A HAMPSHIRE MP has attacked plans to curb teenage pregnancy by giving contraceptive jabs to girls as young as 13.

Romsey and Southampton North MP Sandra Gidley said the plans, recommended by ministers to city health chiefs, is only aimed at meeting targets and would lead to a rise in sexually transmitted infections.

Under the proposed scheme, teenagers would not have to tell their parents before having the injection at school-based clinics.

The Liberal Democrat’s shadow public health minister said it would turn Southampton into the STI capital of the south.

“A contraceptive injection on its own may bring down the rates of teenage pregnancy, but will only lead to more teenagers contracting sexually-transmitted infections," she said.

"More needs to be done to tackle the underlying problem of teenagers having unprotected sex.

“We will only begin to solve this crisis by making appropriate personal, social and health education compulsory in schools.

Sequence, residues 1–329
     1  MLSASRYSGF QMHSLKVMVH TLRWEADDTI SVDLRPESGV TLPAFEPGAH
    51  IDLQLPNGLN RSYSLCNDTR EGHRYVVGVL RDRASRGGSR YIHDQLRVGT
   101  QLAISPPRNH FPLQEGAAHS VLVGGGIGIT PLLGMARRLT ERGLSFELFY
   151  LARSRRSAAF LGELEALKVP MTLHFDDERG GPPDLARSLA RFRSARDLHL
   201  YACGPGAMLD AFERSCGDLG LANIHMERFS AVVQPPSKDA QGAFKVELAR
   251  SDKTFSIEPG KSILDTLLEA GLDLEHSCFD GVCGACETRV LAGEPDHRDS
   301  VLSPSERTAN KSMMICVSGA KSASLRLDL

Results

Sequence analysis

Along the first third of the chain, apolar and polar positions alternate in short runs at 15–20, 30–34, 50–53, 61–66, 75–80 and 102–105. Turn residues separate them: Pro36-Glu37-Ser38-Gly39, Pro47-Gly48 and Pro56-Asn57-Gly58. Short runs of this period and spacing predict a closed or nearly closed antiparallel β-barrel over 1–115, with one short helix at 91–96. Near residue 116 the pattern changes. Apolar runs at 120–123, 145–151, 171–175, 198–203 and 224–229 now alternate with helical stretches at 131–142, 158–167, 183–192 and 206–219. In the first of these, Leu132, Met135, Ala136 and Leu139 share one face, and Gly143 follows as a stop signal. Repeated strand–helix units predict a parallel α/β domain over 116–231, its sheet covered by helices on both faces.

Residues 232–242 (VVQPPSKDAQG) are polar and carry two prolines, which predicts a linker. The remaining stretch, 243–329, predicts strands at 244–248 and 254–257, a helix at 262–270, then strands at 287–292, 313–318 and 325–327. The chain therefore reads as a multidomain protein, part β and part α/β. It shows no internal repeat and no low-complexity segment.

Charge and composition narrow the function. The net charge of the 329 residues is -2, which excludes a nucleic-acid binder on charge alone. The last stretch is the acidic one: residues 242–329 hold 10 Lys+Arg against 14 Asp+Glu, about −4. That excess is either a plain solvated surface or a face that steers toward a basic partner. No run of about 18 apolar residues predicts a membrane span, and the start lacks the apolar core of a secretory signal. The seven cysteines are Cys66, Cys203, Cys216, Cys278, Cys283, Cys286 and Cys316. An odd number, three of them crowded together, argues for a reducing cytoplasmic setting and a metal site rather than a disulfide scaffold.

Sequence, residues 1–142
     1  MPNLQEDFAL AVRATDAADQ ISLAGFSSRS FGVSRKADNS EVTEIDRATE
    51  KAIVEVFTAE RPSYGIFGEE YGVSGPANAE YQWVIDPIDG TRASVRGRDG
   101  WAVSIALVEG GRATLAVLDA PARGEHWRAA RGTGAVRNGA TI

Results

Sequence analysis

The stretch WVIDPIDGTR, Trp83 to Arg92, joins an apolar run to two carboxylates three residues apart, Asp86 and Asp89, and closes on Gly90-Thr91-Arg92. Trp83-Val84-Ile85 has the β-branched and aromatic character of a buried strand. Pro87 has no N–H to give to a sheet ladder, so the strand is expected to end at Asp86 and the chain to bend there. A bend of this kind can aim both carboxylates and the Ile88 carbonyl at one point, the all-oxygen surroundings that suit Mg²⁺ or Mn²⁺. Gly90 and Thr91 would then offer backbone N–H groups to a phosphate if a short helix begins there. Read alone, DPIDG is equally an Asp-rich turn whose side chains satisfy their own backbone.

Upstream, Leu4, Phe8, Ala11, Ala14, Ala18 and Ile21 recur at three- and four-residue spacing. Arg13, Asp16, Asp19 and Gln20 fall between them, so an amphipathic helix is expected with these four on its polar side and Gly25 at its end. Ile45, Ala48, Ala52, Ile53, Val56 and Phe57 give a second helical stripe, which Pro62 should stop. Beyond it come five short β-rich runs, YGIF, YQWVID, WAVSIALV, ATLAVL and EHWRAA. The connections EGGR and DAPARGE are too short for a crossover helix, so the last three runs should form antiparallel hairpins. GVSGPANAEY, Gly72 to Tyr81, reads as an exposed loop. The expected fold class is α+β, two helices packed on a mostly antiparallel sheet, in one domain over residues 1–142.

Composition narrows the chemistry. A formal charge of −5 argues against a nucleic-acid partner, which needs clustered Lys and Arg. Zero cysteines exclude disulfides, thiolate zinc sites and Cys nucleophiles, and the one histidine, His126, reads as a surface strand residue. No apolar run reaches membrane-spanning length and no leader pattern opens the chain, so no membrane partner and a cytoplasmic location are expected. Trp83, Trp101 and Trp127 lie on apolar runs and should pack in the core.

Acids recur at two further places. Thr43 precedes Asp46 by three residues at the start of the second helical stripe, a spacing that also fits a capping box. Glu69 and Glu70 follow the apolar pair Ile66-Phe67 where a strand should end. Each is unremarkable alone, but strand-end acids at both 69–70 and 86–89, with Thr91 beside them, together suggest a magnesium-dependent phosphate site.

“I hope the government will see the error in its thinking and will not allow Southampton to slide from being the teenage pregnancy capital of the south into the teenage STI capital of the south."

Southampton is one of 21 cities in the UK identified as a teenage pregnancy hotspot and the Government has issued letters to health chiefs to take “urgent action” to reduce the rate.

Officials say injections or long- lasting implants would make it easier for girls to control their fertility.

Southampton’s teenage pregnancy boss Charlotte Bernard said the jabs are not currently available in the city’s schools and refused to say whether it was something they would bring in until a six-month review into sexual services was completed later this month.